I am in the process of writing a theological science fiction novel. My interest in this genre is motivated by reading Dune by Frank Herbert and The Divine Invasion by Phillip K. Dick, in addition to watching the Matrix movies. My novel may have elements of all three of these. I desire to touch base with religious studies experts, although the narrative portion of the project would remain my own. I am seeking a relationship with a person whom I could regularly interact with as my project progresses, e.g. the expert informs the writing and the writing informs the expert. How do I find such a person?

  • Sounds like an interesting project. But I'm a bit curious about why you need a theological scholar. Are you trying to invoke a particular religion? Commented Dec 18, 2021 at 15:08

1 Answer 1


You will need to ask around. I suggest going to your nearest university or theological college and inquiring if they have anyone on their staff who is interested in both science fiction and religion.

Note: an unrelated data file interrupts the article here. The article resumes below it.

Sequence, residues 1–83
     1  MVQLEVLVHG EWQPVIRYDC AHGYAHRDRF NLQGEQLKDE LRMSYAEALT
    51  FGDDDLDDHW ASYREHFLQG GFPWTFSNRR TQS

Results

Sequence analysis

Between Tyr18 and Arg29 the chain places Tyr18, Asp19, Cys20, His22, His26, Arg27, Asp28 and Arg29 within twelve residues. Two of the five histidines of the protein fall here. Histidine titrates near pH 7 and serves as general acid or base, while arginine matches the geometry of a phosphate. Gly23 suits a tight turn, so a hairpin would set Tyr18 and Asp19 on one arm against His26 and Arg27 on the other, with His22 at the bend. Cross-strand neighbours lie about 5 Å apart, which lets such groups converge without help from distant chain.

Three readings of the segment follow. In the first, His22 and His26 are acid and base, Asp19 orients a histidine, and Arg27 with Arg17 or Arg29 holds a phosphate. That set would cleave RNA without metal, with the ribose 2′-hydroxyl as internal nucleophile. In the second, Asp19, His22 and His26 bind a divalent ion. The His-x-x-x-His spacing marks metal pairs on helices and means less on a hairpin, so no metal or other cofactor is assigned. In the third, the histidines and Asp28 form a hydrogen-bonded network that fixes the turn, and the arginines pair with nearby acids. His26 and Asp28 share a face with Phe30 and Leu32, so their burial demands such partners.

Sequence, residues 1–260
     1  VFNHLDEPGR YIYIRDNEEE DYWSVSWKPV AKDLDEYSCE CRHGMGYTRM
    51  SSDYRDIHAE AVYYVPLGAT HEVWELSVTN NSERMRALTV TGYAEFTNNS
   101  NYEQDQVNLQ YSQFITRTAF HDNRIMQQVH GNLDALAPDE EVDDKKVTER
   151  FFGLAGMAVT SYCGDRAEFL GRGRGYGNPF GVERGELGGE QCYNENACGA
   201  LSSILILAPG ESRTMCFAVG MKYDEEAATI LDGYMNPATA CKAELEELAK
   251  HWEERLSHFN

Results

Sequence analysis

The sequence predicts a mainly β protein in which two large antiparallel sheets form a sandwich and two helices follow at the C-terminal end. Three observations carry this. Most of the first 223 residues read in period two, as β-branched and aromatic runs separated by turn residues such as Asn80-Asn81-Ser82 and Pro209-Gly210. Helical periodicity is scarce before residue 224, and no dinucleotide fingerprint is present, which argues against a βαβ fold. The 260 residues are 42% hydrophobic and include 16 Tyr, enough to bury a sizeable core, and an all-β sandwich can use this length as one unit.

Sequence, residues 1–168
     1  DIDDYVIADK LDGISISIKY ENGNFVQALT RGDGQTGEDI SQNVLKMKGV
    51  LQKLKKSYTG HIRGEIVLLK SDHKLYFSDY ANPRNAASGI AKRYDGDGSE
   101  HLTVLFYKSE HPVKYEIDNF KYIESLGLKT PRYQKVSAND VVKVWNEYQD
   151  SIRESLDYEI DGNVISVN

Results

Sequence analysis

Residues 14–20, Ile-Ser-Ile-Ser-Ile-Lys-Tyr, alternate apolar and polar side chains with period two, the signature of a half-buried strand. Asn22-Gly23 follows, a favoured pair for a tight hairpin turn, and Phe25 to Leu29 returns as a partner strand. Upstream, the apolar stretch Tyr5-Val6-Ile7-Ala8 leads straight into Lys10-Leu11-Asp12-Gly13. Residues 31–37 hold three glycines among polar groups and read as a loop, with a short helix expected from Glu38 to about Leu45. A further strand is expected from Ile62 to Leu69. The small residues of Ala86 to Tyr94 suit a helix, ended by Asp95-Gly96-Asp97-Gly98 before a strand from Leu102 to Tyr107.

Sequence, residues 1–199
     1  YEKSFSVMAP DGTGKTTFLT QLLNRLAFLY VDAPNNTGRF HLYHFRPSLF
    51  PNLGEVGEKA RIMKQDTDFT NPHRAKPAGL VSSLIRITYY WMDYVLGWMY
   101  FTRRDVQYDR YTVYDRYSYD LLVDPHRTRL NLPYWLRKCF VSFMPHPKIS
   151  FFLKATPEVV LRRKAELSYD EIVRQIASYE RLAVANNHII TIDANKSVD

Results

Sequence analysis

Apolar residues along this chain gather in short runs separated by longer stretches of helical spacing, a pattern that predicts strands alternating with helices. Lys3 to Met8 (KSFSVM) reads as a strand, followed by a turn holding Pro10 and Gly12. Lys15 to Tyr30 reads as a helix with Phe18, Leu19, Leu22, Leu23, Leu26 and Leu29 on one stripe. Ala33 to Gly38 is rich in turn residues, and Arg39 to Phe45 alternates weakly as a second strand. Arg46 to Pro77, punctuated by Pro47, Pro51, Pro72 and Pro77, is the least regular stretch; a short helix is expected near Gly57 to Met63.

Most universities have departments either of theology or religious studies. Theological colleges are engaged in training priests or minsters of religion. Avoid religious training institutions focused on fundamental religion.

There is always a good chance someone on the teaching staff whose interests will include science fiction. Explain what you're trying to do and what role you would like them to play in assisting your writing.

Catholic teaching institutions would be a good choice. Catholics always have had a rich tradition in theology. This can be true of Non-Christian religions too, but it takes more specialized knowledge to work your way into them.

You can seek out the sort of experts you are looking for online by doing internet searches for people who either discuss science fiction, religion and theology or blog about it. You will be able to see what they write and whether they will be the sort of experts you want to consult.

Good luck with your project.

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    "Avoid religious training institutions focused on fundamental religion." Why? Commented Apr 28, 2020 at 5:02
  • @curiousdannii: Generally speaking, dedicated fundamentalists are not religious scholars in the academic sense, but people deeply knowledgable about a single faith, and disinterested in (if not openly hostile to) broader perspectives. No one there is likely to want to discuss 'alternate reality' faiths, even as fictional entertainment Commented Dec 18, 2021 at 15:03

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